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1. Transport materials
 Heart (blood)
 Lungs (oxygen, carbon dioxide, wastes)
 Adrenal gland (hormones)
 Antibodies
 Kidneys (waste)
 Small intestine (nutrients)
 Liver (enzymes, glycogen, waste)
 Large intestine (vitamins, water)

2. Regulate Body Temperature

 Perspiration
 Conduction
 Convection
 Radiation


1. Blood

 Red blood cells - Carry oxygen to all cells in the body

- No nucleus
- Has a life span of 4 months (120 days)
- Makes up approximately 40% of Blood volume
- Carry oxygen to the cells of the body
- Return to the lungs to excrete carbon dioxide
 White blood cell – fight infections
- Largest of the three types of blood cells
- Short life cycle, living from a few days to a few weeks
- One drop of Blood can contain from 7,000 to 25,000 white Blood cells
 Platelets – help to clot the blood
- The smallest of the blood cells
- Make up 5% to 7% of total Blood volume
- Form a 'mesh' net to form clots in the Blood to
- help stop bleeding
 Plasma
- A sticky, pale yellow fluid mixture of water, protein and salts
- It is 95% water
- The other 5% is made up of nutrients, proteins and hormones. Blood Plasma constitutes 55% of the
volume of human Blood

Blood Facts

Blood makes up about 7% of your body's weight.

An average adult has about 14 to 18 pints of Blood.
One standard unit or pint of Blood equals about two cups.
Blood carries oxygen and nutrients to all of the body.
Blood carries carbon dioxide and other waste products back to the lungs, kidneys and liver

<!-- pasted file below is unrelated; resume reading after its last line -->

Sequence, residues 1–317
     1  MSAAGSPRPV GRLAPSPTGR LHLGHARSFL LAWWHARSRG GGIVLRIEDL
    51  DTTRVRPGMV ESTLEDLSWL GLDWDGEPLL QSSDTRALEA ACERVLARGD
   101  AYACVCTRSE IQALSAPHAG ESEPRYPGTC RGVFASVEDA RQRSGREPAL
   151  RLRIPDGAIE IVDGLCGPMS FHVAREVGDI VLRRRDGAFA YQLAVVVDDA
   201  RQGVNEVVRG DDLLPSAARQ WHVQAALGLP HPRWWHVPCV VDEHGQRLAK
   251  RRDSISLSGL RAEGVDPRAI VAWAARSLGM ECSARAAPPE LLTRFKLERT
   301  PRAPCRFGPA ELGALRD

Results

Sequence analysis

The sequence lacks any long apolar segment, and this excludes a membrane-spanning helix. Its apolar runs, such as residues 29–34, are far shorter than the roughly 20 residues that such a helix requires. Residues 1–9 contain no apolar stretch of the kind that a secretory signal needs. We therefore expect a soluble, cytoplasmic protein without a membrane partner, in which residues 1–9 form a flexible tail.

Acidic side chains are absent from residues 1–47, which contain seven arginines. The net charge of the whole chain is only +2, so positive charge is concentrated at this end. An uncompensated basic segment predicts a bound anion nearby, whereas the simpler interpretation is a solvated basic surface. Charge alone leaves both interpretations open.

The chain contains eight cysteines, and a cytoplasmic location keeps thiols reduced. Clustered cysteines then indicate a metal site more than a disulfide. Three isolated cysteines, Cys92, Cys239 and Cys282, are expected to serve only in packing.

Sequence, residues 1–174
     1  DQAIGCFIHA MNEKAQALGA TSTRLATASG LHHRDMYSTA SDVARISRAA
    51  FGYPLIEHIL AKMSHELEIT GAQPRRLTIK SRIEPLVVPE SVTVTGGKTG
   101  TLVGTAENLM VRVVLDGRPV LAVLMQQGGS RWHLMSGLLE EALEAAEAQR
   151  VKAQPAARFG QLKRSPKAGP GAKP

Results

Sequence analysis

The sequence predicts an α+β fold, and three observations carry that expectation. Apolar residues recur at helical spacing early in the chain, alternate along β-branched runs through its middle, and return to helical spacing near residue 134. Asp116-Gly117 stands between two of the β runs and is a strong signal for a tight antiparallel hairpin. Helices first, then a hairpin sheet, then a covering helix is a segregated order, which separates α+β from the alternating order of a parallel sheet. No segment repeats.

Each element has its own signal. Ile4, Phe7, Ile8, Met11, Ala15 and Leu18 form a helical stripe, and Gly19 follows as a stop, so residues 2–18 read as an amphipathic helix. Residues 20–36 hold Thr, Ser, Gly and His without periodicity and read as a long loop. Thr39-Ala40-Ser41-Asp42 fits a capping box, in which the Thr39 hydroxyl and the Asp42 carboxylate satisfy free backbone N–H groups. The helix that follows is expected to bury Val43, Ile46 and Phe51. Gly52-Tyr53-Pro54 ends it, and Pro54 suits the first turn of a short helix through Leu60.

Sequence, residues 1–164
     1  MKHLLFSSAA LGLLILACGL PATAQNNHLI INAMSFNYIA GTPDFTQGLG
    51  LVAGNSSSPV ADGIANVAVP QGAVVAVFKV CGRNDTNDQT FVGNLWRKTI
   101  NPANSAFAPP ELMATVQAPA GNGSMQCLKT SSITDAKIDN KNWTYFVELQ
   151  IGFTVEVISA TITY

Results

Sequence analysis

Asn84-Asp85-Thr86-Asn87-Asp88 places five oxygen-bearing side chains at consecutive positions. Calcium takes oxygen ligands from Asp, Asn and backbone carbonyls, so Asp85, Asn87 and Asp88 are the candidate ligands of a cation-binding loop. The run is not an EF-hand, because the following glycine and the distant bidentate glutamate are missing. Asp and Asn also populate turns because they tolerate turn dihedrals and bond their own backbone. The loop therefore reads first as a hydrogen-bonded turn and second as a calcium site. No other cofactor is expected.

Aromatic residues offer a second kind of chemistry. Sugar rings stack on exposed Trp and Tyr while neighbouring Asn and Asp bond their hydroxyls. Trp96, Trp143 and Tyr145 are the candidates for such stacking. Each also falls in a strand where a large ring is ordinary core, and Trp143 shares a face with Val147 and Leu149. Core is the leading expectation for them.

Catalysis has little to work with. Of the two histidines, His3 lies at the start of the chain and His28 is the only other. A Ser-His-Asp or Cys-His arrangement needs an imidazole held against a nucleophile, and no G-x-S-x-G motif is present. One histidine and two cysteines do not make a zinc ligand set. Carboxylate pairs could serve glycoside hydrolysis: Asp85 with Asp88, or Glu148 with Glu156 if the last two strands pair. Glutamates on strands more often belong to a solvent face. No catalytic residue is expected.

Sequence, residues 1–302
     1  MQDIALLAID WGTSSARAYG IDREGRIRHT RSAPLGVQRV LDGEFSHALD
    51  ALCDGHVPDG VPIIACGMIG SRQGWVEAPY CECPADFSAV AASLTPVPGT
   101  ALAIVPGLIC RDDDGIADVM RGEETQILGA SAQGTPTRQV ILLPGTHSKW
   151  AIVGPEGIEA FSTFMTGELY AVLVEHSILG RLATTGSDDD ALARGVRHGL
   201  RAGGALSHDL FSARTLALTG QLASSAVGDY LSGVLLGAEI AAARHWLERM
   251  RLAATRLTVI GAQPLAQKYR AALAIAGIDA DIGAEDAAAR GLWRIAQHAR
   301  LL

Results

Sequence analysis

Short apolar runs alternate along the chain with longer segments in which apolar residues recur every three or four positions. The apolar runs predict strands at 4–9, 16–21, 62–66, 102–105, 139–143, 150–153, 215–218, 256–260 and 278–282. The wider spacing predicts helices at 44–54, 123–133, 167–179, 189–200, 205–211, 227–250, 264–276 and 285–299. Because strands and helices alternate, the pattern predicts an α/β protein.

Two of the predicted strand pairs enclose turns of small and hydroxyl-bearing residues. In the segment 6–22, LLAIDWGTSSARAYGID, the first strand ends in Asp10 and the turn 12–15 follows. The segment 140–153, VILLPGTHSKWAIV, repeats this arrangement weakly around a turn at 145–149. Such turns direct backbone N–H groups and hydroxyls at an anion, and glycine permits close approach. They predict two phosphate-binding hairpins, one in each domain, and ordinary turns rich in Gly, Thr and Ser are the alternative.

for disposal.
Blood fights against infection and helps heal wounds.
One unit of donated whole Blood is separated into components before use (red Blood cells,
white Blood cells, plasma, platelets, etc.)
There are four main Blood types: A, B, AB and O.
Each Blood type is either Rh positive or negative.
The three main types of cells making up our Blood are the
White Blood cells, Red Blood cells and Platelets

2. Blood vessels

 Artery – carries oxygenated blood except for the PULMUNARY ARTERY which carries deoxygenated blood
 Vein – carries deoxygenated blood except for the PULMUNARY VEIN which carries oxygenated blood
 Capillary – connects the artery and vein

TRIVIA: If laid end to end, your blood vessels would stretch out to about 161,000 km! (About 4 times the
distance around the equator!)

3. Heart


Blood enters the heart through two large veins, the inferior and superior vena cava, emptying oxygen-poor
blood from the body into the right atrium of the heart. As the atrium contracts, blood flows from your right atrium into
your right ventricle through the open tricuspid valve. When the ventricle is full, the tricuspid valve shuts. This
prevents blood from flowing backward into the atria while the ventricle contracts. As the ventricle contracts, blood
leaves the heart through the pulmonic valve, into the pulmonary artery and to the lungs where it is oxygenated.
Once blood travels through the pulmonic valve, it enters your lungs. This is called the pulmonary circulation.
From your pulmonic valve, blood travels to the pulmonary artery to tiny capillary vessels in the lungs. Here, oxygen
travels from the tiny air sacs in the lungs, through the walls of the capillaries, into the blood. At the same time,
carbon dioxide, a waste product of metabolism, passes from the blood into the air sacs. Carbon dioxide leaves the
body when you exhale. Once the blood is purified and oxygenated, it travels back to the left atrium through the